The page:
How does ChatRoulette work – the RTMFP protocol

Disclaimer – I’ve never used chatlroulette and have no intention of starting. But I was curious about the technology under it. Has Flash finally enabled some way of direct peer-to-peer streaming of data? And it appears that this is the case.

The RTMFP protocol is a version of Adobe’s earlier streaming protocol called RTMP. RTMFP uses UDP datagrams, which are not guaranteed to be delivered, as TCP ones are. But this is fine for live streaming apps, since data from a second ago is already outdated.. so why bother trying to guaratee delivery and all that overhead.

But the real magic with using udp is – firewall transparency. Since firewalls usually allow most outbound traffic through without much harassment (at least for home users), inbound is another story. NAT enabled routers are not even able to allow inbound connections without some finagling, since it has no idea which local machine to send the connection request to.

UDP doesnt have all the extra error checking headers etc, so it’s pretty trivial to trick it into “faking” a connection across firewalls, but having computers at both ends of the connection intiate a connection about the same time. A third-party middle server is normally used to coordinate the setup and timing of the attempt to connect in this manner. The router will see outbound packets to an ip and port, and then see packets coming back from that same ip and port… and will assume they are responses to the request, thus forwarding them on to the internal computer. This can be done from both ends at the same time, thus both ends can be behind firewalls etc. You’ll definitely get a few bad packets bouncing off the firewall until both ends get their business straigntened out, but after this everything will usually just work.

TCP, on the other hand, has headers which keep track of a bunch of things, like sequence etc., so when these headers are not correct the router will discard them as being bad.

I did some research some years ago to see if it would be possible to do this same trick of “faking” a connection (called “connection splicing”) with TCP as well. The only way it *might* be possible is to have the third party server doing some illegal packet manipulation to fool the firewalls. I never decided if was truly impossible or not, but at minimum it would be tricky. I did manage to find one other discussion about this, appears to still be around: http://www.advogato.org/article/217.html

Back on topic – the reason I dug back into this today was I was curious if Silverlight has any provisions for supporting something like the RTMFP protocol, and thus allow direct p2p connections. From what I can tell, it does not currently support anything like this.

Update- apparently chatroulette went offline recently and displayed the message “chatroulette rtmp connection failed”, so there was a spike in search traffic to this page for that phrase. Short answer: yes, this means chatroulette is offline, just wait for it to come back!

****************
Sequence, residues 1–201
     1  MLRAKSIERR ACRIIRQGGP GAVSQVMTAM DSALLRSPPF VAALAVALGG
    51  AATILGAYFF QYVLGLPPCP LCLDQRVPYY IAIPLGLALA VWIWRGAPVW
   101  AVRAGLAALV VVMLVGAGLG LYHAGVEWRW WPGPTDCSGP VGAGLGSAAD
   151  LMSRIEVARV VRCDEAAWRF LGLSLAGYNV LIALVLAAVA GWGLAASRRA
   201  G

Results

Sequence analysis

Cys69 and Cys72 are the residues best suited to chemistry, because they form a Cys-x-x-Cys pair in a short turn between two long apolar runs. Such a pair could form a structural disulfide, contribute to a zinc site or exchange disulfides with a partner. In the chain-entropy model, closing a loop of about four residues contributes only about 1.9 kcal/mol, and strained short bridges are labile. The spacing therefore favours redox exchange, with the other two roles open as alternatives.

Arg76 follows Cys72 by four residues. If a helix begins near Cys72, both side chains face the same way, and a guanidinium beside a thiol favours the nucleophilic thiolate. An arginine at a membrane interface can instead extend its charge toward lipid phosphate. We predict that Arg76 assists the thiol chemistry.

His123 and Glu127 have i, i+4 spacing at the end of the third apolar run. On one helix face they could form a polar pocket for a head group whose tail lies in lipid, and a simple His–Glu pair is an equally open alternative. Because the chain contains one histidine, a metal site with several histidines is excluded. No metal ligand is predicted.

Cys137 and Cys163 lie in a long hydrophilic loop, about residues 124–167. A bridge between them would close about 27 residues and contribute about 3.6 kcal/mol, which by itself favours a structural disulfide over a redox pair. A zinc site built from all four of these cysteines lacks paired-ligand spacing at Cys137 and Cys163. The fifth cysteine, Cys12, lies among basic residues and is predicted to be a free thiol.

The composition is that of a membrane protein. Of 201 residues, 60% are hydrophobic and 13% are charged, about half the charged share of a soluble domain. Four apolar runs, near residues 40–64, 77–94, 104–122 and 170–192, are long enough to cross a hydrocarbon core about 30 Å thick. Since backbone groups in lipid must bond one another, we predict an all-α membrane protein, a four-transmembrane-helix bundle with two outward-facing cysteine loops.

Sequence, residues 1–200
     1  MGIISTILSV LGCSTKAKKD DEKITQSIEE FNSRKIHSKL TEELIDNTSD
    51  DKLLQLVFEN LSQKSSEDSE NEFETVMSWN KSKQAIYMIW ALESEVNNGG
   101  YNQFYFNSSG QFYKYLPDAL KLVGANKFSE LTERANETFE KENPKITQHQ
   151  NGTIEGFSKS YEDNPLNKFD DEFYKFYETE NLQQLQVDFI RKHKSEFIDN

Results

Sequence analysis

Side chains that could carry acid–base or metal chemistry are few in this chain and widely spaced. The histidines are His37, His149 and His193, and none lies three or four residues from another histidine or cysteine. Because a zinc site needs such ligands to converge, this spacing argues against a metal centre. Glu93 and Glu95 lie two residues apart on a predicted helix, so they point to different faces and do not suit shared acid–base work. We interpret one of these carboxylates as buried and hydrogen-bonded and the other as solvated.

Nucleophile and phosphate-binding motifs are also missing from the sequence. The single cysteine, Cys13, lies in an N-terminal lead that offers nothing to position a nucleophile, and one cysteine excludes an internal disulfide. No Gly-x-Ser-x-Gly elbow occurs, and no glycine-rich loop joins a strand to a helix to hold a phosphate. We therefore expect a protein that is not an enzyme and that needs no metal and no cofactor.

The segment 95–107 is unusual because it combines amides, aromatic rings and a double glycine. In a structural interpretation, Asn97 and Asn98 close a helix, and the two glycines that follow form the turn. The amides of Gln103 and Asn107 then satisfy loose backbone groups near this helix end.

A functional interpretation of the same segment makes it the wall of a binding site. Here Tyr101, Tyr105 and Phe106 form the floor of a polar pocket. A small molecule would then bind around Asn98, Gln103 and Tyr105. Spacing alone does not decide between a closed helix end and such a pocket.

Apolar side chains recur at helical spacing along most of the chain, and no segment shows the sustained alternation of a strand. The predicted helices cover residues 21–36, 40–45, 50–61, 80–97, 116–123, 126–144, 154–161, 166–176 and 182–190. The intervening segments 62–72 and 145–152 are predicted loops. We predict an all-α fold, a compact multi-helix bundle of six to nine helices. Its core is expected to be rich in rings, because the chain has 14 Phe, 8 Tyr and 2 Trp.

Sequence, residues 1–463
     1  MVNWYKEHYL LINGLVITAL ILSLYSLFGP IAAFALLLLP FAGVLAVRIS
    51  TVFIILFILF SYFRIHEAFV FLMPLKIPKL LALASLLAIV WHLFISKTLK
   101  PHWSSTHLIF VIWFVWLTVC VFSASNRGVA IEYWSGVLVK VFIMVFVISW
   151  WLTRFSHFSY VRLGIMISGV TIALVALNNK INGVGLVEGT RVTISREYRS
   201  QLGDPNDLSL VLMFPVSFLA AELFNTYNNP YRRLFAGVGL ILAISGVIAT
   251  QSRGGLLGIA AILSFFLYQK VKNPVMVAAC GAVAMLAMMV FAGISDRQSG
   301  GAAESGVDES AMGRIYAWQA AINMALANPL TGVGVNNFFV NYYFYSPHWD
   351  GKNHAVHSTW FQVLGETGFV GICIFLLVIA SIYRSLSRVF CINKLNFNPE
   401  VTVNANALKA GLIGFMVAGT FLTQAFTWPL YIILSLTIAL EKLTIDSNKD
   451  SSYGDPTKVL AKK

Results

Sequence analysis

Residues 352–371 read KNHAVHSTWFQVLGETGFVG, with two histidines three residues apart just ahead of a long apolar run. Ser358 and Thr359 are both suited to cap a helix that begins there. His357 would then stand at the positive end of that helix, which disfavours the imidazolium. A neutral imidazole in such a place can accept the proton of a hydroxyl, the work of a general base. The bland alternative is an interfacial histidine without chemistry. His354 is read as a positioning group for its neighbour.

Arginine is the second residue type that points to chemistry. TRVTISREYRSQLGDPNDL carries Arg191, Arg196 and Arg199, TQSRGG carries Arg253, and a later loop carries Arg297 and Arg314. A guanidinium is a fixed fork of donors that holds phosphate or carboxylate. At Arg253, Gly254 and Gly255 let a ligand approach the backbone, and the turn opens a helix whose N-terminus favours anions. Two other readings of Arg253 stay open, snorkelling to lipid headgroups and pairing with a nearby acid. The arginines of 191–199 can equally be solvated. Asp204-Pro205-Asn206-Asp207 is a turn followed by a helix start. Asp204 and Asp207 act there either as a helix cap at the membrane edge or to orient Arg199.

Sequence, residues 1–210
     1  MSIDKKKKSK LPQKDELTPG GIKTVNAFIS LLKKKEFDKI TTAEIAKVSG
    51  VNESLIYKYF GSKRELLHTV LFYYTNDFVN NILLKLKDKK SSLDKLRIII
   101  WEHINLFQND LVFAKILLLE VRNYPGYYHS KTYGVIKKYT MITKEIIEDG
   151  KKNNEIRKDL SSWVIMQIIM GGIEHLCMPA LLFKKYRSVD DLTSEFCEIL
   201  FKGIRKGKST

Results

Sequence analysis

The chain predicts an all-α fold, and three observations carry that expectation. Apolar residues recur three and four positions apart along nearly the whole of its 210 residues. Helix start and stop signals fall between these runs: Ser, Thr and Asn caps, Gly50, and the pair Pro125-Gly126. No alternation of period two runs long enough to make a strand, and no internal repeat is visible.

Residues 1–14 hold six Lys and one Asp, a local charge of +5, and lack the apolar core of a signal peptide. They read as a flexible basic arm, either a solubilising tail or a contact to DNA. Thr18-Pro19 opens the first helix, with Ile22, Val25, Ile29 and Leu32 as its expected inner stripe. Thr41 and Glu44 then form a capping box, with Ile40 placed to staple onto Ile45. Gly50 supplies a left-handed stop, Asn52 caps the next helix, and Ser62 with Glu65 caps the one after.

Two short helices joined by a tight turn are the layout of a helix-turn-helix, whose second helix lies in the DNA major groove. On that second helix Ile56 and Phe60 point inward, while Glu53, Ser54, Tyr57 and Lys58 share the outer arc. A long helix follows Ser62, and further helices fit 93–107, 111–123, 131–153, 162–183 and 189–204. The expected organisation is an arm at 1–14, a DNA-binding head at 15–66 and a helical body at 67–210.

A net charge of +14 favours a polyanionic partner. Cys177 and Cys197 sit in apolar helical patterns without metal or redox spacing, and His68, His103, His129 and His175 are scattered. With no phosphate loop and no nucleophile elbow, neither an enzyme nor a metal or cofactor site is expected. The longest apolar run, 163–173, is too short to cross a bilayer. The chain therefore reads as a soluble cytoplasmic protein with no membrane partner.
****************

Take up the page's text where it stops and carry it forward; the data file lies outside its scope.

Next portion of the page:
Async javascript loading for reduced page load time

Many of my websites have the standard addins for integrating with the rest of the world- the addthis.com gadget, the facebook like button, etc. A number of them also use google maps. Each of these includes a javascript file from a remote source, which normally will slow down the load time of your pages. Google fixed their analytics scripts some time back to allow loading them asynchronously, so the page is not paused while waiting for it to load. Strangely, a lot of scripts don’t yet support this, and I’m seeing in google webmaster tools that the calculated load time of my pages has suffered as a result. What should be a tiny page that loads in literally milliseconds, is now a 3 to 5 second loading affair.

After some research, it looks like this is not a simple task to undertake. There are a number of ways to load a script async, but each has a set of drawbacks. This seems to be a great overview of the various methods currently avaialble: http://friendlybit.com/js/lazy-loading-asyncronous-javascript/ . I’ve seen that html5 also includes direct support for allowsing async loading of scripts, so maybe eventually this will no longer be a problem, but for now it’s a pretty big headache.

As time permits (or, when I get the chance to delegate it), I’m planning to try the solution listed on that linked page and see if addthis, facebook, google maps, perhaps even adsense, and even a wufoo form can perhaps be loaded in this async manner. I’ll report the progress here.

Orchard multitenancy configuration

Am now successfully running multiple sites on a single instance of Orchard (this one). Can’t really divulge what they are, but I will comment on the configuration- when making a new tenant, make sure you have no spaced in the name. It doesn’t fail immediately, but does a few steps later. The solution requires – 1. shut down the orchard website instance 2. open the tenants subfolder in the app_data and find the offending folder with spaces in the name, and delete it. 3. restart the website.

Note that even if you abandon an existing “spaces in name” corrupted attempt, it will still blow up every time you try to create a new one until this is resolved. And, if you don’t shut down the site first, it will keep recreating this messed up folder. fun times.  

torsion bar valve springs

When I’m running, I get lots of weird ideas. Today, I thought, why not use torsion bars for valve springs in engines, instead of the usual coil spring? Benefits should include- less moving mass, adjustable pre-load, and… well that’s all.

So, this falls into the “new-old” ideas category – apparently was done as far back as the 50’s- even this clunker had them – http://en.wikipedia.org/wiki/Panhard_Dyna_Z

And some F1 cars and bikes have used them with good effect. So, good new-old idea ๐Ÿ˜‰